Once again, Erik Eckholm gets to write about the ex-gay movement, which I thought he did so badly the Friday before the election. Part of this is about the lawsuit in California several ex-gays brought against Jerry Brown for signing a law that prohibited using the treatments that these men went through as teenagers and young adults on any more teenagers. There is, however, a new suit which the Southern Poverty Law Center is bringing against a reparative therapy for Orthodox Jews in New Jersey which takes up most of the story. The New Jersey defendants are generally SO flawed I'll bet it offended Eckholm so much he didn't bother to flip through his rolodex when he got back from the press conference which Scott Wooledge covers expertly here.
In fact, I'd guess that at least 70% of the article is about the New Jersey case, which Christian Dem in NC wrote about earlier today. So let's see how the story gets told this time, because last time Eckholm described the prohibition in California as a setback for the ex-gay movement and NARTH.
We start out with the idea that these are the first tests the ex-gay people have encountered in a courtroom setting. Okay, I guess, but here's what he has to deal with in New Jersey:
four gay men who tried the therapy filed a civil suit against a prominent counseling group, charging it with deceptive practices under the state’s Consumer Fraud Act."Prominent" feels like an attempt to convey respectability, but it's grasping-at straws time here. Next, we find that in California, the ex-gay men are the plaintiffs, claiming that
the ban is an unconstitutional infringement on speech, religion and privacy.Ah, religious freedom again for people who may or may not be suffering from self-hatred.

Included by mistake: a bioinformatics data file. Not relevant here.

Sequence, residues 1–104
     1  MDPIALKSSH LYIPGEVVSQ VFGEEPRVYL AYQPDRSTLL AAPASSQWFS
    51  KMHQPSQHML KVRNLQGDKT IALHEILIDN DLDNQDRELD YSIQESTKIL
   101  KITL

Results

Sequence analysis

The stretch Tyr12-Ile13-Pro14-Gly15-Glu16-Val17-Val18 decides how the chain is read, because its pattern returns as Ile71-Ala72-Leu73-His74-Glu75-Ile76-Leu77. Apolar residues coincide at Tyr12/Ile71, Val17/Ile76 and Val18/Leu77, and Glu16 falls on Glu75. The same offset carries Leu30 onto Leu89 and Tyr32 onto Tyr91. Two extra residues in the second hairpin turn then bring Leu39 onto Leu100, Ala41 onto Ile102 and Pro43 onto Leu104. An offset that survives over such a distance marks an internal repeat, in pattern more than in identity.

Some background now, and here's the crux as Eckholm sees it:
An industry of “reparative therapy” clinics and men’s weekend retreats has drawn thousands of teenagers and adults who hope to rid themselves of homosexual urges, whether because of religious beliefs or family pressures.Industry. Thousands. If you say so.
But leading scientific and medical groups say that the theories of sexuality are unfounded and that there is no evidence that core sexual urges can be changed. They also warn that the therapy can, in the words of the American Psychiatric Association, cause “depression, anxiety and self-destructive behavior” and “reinforce self-hatred already experienced by the patient.”
So in New Jersey we have an ex-gay program for Orthodox Jews. It's called JONAH, an acronym for Jews Offering New Alternatives for Healing run by two men who aren't therapists. The founder, Arthur Goldberg, did so after serving a jail sentence for financial fraud (ex-gay can be lucrative); his colleague, Alan Downing is described as a "life coach" which apparently you don't need a license for in New Jersey. Eckholm observes that they didn't answer his calls. So after interviewing the SPLC layers and two men who were victimized by JONAH, he doesn't call Peter Nicolosi or anyone like that, he moves on to recap the suit in California.
He quotes one person in his discussion of the California suit, and it's someone who's decidedly not a supporter of the ex-gay industry.
Erwin Chemerinsky, a constitutional expert and dean of the law school at the University of California, Irvine, said, “The law is clear that the government can prohibit health care practices that are harmful or ineffective.”
If the court accepts the scientific evaluation put forward by the state, he said, “the government is likely to prevail in the end.”
If the court does what Chemerinsky suggests, it won't put religious organizations or church programs out of business but it will strip them of any support from people in the sciences or in the social sciences. Who knows, some of the church programs might look at the prohibition and decide they shouldn't try this either. And how refreshing not to see any bias in this article! I guess the plaintiffs in New Jersey must have very powerful stories about being ripped off.
I guess we've reached a tipping point here too. It's about time!